Is religious iconography inherently more powerful and potent when it is illicit?
Inspired by the Chicano mural movement that swept Los Angeles in the 1960s, these public paintings of the Virgin and other religious figures are evidence of the ways Latinos are reshaping their experience of public space in American cities.
An Anglican church near the village of Blackville in central New Brunswick, Canada, with a neon cross atop its steeple.
I see this painting as a depiction of the path of life. It carries us through our ups and downs, points of rest and clarity, and constant confrontation with mortality.
Through discipline, perseverance, and the right knowledge, we stoke the fire of our Inner dragon, empowering us to propel our dreams into reality.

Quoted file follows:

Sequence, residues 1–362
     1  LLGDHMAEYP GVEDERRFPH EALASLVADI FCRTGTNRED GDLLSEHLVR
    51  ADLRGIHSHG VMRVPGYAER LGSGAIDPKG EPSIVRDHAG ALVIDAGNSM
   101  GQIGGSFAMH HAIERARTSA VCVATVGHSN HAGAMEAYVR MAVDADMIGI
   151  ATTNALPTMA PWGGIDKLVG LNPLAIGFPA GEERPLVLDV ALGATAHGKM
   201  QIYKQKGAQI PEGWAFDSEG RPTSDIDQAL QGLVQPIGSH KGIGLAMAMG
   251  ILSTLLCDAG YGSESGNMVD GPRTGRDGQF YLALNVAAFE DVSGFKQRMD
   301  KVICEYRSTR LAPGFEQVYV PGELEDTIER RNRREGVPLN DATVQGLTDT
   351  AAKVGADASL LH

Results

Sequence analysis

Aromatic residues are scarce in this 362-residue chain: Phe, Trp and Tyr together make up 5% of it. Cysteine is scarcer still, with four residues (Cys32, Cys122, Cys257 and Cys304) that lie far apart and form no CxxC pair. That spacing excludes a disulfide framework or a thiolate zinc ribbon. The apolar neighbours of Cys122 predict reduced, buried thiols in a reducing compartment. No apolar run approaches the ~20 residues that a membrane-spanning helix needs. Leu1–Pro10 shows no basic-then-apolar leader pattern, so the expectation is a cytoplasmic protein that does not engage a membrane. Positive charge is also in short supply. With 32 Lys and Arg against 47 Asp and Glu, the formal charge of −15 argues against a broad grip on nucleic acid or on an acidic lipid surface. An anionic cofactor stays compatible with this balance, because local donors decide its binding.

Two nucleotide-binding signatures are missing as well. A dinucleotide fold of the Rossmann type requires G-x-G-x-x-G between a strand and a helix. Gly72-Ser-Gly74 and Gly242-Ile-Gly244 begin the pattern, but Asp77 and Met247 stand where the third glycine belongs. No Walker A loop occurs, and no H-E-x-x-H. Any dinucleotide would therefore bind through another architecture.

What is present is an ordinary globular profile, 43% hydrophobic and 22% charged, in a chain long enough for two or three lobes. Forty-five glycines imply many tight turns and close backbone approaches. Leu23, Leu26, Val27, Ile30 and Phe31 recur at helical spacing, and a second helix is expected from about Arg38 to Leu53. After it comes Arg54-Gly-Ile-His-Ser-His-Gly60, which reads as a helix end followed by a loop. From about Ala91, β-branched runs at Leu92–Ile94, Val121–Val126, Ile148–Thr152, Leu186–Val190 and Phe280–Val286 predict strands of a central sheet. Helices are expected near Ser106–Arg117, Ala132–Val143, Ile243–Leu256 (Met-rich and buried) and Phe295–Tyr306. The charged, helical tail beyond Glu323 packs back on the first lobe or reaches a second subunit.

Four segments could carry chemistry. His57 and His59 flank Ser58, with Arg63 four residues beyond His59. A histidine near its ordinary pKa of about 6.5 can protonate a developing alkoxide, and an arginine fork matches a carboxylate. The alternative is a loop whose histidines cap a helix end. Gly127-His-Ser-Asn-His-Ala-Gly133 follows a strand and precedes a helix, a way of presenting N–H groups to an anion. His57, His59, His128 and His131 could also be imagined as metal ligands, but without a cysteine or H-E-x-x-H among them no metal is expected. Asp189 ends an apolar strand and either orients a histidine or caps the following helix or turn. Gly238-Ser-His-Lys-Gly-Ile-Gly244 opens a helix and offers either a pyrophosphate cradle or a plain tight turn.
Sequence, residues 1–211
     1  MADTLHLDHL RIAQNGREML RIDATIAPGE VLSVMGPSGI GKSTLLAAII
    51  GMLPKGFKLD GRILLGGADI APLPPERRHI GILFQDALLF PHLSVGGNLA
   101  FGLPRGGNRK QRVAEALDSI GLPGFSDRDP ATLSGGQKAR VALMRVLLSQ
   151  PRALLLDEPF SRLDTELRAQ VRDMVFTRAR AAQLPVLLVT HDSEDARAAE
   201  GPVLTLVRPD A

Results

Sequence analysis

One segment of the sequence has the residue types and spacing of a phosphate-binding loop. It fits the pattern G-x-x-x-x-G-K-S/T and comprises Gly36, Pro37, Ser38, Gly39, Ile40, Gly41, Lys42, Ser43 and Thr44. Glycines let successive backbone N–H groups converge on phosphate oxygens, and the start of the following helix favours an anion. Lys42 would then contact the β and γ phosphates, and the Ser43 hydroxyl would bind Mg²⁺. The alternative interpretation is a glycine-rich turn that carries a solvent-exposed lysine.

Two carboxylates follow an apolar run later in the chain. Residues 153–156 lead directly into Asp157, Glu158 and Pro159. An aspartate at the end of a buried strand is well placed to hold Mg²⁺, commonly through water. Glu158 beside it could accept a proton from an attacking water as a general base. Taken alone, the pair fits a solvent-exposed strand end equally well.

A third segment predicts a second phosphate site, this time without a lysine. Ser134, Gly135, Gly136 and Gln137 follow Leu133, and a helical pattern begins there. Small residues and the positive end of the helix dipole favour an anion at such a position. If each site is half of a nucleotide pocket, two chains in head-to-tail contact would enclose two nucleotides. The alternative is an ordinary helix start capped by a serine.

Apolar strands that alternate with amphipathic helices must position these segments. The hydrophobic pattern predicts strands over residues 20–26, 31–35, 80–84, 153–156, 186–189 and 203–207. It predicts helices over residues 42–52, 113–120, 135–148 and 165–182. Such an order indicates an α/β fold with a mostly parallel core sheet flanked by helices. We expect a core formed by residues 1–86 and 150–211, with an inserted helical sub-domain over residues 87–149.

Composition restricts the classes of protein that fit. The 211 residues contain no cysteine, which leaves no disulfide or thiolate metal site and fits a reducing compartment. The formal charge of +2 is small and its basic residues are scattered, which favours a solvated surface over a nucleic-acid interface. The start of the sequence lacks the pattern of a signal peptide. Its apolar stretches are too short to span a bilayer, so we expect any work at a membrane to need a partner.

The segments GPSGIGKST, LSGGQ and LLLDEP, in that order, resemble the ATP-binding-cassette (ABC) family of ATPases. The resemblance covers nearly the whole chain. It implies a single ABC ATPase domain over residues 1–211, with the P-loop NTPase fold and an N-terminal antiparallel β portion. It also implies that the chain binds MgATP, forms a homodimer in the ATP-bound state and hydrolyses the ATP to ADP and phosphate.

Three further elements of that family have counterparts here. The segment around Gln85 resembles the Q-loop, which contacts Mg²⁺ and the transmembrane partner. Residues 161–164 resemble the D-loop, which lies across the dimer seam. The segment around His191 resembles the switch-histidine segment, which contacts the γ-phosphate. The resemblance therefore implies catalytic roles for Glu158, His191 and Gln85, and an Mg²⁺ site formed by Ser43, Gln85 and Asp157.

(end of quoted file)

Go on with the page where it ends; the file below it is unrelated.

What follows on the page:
Perhaps Jesus "taking the wheel" isn't just a figurative expression for some of these racers.
By introducing different ways of seeing things, art can open wide our perspective, encourage us to transcend our current reality, and ultimately lead us to understand a greater truth about who we are.
"If you come upon the Buddha on the road, kill him!"
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Sarah Stolar is an oil painter whose gestural riots comport with themes and imagery from medieval art history, fractured fairy tales, mythic "journalism," and Old Master painting.